13. Don't play games. Real men don't play with people's emotions. Sure, there's still some subtlety that goes into when to text a girl and what all you can say at the beginning of a relationship, but if you know you don't like a girl as much as she likes you? Cut her loose. Even if the sex is amazing. It's not right to her. (This goes the same way for you ladies.)

14. Date someone who likes their job. There's nothing more draining than someone who dreads going to work and then comes back with a heart and mind full of annoyance and disdain. Rather than enjoying each other, you're spending large amounts of your time listening to someone vent and then trying to cheer them up.

15. Overvalue intelligence. I've been very guilty in emphasizing looks, while devaluing important things that will help a relationship last when the looks have faded. In all my 20 years, I can now tell you – definitively – that intelligence is sexy. You almost certainly cannot be funny (to me) without being intelligent.

16. Don't take yourself too seriously. I am often the butt of jokes, which does not bother me whatsoever. I encourage it. If I have to be self-deprecating to get everyone to loosen up, then I will happily do that.

17. Enjoy the moment. While you've inevitably heard the phrase, "the joy is in the journey," I can't help but again emphasize that there is joy in every moment. It's not always about being AT the concert or enjoying the finished meal – sometimes the gems can be found while stuck in traffic or making a mess in the kitchen. Enjoy it all.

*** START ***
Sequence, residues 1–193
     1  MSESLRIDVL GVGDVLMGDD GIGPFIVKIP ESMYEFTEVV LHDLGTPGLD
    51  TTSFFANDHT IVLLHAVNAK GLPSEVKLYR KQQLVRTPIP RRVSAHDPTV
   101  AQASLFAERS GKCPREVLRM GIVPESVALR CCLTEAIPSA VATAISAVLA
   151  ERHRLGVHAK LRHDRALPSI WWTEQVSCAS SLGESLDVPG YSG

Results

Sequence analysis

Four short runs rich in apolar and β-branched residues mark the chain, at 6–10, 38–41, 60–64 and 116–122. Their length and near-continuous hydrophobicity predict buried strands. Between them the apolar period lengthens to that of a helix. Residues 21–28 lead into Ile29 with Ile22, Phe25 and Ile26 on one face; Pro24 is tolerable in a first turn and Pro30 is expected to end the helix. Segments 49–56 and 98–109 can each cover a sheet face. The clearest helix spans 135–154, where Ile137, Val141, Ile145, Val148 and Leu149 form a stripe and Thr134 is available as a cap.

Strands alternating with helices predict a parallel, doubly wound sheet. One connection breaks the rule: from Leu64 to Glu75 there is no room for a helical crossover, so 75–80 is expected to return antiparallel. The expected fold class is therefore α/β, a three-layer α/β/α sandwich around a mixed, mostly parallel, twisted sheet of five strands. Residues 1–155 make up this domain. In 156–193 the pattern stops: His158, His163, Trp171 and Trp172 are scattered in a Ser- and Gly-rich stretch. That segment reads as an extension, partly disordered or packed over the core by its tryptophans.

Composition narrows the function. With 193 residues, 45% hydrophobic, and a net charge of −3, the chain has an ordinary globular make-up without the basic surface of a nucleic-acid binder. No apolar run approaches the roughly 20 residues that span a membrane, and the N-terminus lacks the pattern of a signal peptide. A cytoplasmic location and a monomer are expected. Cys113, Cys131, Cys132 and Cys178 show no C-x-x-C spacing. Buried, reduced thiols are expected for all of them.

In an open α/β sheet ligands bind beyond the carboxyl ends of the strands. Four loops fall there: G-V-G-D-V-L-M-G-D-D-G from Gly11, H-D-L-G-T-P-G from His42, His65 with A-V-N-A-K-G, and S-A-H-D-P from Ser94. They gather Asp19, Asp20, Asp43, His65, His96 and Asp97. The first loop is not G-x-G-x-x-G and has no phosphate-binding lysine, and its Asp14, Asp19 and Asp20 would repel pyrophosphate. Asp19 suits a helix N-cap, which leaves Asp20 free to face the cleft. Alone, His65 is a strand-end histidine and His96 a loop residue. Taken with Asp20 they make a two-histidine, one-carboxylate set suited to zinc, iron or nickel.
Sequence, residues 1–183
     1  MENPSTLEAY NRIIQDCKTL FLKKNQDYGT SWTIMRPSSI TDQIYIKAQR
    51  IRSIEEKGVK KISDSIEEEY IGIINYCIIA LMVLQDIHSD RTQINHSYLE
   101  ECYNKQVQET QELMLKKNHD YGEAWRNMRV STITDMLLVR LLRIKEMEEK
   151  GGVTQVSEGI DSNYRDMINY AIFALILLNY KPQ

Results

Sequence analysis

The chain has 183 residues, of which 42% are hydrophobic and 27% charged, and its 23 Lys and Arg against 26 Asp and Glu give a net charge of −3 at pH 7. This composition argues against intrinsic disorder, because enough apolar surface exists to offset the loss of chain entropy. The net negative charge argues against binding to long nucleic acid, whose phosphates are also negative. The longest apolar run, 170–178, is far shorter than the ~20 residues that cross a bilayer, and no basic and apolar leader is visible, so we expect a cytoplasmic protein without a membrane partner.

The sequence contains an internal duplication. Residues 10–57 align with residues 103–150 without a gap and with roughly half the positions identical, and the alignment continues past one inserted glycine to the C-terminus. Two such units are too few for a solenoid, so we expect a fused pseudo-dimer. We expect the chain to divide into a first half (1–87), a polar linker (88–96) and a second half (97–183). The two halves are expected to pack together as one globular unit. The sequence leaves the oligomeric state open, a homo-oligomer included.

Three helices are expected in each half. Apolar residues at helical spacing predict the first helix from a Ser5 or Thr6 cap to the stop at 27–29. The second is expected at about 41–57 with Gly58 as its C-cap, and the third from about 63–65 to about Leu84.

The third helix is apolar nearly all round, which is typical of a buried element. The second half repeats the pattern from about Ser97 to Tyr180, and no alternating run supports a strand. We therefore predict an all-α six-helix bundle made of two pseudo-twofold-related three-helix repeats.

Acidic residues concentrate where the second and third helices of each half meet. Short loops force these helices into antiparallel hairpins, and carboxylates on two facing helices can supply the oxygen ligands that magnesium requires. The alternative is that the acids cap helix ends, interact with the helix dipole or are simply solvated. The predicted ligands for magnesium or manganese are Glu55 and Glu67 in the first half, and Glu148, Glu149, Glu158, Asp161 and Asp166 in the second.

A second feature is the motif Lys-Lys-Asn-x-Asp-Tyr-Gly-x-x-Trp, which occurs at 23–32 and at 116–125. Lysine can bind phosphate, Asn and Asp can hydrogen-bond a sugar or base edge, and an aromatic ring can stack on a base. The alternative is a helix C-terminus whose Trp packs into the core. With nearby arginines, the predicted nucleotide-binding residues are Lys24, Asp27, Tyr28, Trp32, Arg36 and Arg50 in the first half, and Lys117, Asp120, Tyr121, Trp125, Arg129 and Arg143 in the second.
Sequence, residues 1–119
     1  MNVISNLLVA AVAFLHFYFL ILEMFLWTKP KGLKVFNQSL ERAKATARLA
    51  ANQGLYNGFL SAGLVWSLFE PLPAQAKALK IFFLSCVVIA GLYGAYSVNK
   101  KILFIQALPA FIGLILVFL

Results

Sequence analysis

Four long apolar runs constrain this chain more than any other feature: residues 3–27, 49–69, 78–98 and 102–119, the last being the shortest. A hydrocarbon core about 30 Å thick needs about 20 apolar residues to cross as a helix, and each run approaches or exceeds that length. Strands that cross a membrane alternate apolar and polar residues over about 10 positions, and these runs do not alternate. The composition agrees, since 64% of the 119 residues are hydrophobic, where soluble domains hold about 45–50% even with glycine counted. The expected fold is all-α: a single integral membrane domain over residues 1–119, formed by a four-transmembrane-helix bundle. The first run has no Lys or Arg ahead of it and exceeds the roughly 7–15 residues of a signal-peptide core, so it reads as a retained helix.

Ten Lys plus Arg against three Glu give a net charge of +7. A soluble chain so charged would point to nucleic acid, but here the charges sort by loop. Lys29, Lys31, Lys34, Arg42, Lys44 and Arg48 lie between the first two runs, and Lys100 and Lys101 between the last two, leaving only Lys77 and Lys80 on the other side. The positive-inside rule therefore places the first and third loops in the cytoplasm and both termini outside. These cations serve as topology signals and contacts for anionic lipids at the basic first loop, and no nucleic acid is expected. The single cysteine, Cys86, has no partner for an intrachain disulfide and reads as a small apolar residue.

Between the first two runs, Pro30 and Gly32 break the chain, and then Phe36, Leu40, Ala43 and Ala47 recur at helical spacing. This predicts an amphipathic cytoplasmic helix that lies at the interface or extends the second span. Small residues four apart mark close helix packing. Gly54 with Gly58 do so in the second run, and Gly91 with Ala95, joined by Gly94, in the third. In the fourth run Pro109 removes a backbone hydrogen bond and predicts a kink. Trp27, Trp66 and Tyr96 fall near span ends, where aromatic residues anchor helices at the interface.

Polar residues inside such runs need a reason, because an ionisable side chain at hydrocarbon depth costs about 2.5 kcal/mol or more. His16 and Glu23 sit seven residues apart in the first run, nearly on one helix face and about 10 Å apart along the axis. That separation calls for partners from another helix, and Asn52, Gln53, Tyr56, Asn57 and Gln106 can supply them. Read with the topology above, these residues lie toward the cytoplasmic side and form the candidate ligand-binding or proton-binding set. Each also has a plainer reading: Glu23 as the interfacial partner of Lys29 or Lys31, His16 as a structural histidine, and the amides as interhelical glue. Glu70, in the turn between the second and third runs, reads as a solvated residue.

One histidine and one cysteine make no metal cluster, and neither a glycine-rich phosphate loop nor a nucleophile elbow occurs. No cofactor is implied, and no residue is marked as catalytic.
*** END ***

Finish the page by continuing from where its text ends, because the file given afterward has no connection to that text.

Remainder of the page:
18. Don't be jealous. Always believe that if someone is dumb enough to cheat on you, then they don't deserve you. You can't handcuff someone for the rest of their lives so that he/she's with you forever. Know who you are so that you don't question who you aren't.

19. Want to be a better person. We can always improve upon who we are. Whether that's mentally, physically, characteristically, or morally, we all have a lot of room for growth. Find that person who always challenges you to be better – not through them telling or nagging you, but from them inspiring you in ways to seek it for yourself.

And, finally... my favorite...

20. Be passionate. Whether it's a moment stolen on a busy street, or a quiet walk in the park, savor your loved one when you can. Grab her, feel her, forget everything else but those lips. Linger. Sigh. But feel those lips.

I can't tell you much about marriage or raising a child (I look forward to it one day), but I can tell you to love your life. Love the fact that you can love. We spend a lot of time figuring out who we are as people – it's an ongoing process – but the new people we allow into our lives can be transcendent. While you may not spend forever with them, there's so much growth and love to be had.

Love to love.


Sincerely,
Kevin L.

Wednesday, April 16, 2014

Was The Last Four Years of My Life Worth Half a Million Dollars?


Four years ago, the me you see today would not exist if I had just said, "yes." And saying "yes" for me has never been a problem.

You can pretty much ask me anything and I'll say "yes." Grab something to eat? Yes. Go out tonight? Yes. Travel? Yes. Use my toothbrush? Yes. Turn around, lay on my stomach, pull down my pants, don't ask questions and find a happy place? Yes.

There are times in a person's life that he can look back and realize that if he had chosen one path, things would've been drastically different. Monumentally different.

Four years ago, I had the opportunity to lead the in-house Public Relations efforts of a 7,000 employee company (11,000 today) while making over six figures a year.